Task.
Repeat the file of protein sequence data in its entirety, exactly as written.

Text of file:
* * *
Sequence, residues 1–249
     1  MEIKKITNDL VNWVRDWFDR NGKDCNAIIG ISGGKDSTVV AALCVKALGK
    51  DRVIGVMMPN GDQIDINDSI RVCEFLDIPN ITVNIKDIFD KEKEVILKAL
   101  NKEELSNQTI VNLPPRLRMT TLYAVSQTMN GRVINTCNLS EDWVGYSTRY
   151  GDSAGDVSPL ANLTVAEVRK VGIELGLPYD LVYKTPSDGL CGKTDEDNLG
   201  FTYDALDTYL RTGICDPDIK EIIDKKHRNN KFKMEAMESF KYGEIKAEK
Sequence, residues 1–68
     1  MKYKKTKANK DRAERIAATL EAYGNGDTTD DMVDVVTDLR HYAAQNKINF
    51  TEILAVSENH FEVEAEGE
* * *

Sequence, residues 1–249
     1  MEIKKITNDL VNWVRDWFDR NGKDCNAIIG ISGGKDSTVV AALCVKALGK
    51  DRVIGVMMPN GDQIDINDSI RVCEFLDIPN ITVNIKDIFD KEKEVILKAL
   101  NKEELSNQTI VNLPPRLRMT TLYAVSQTMN GRVINTCNLS EDWVGYSTRY
   151  GDSAGDVSPL ANLTVAEVRK VGIELGLPYD LVYKTPSDGL CGKTDEDNLG
   201  FTYDALDTYL RTGICDPDIK EIIDKKHRNN KFKMEAMESF KYGEIKAEK
Sequence, residues 1–68
     1  MKYKKTKANK DRAERIAATL EAYGNGDTTD DMVDVVTDLR HYAAQNKINF
    51  TEILAVSENH FEVEAEGE